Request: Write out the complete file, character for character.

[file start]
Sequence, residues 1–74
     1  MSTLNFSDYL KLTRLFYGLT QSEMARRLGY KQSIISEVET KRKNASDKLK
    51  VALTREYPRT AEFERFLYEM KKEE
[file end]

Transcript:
Sequence, residues 1–74
     1  MSTLNFSDYL KLTRLFYGLT QSEMARRLGY KQSIISEVET KRKNASDKLK
    51  VALTREYPRT AEFERFLYEM KKEE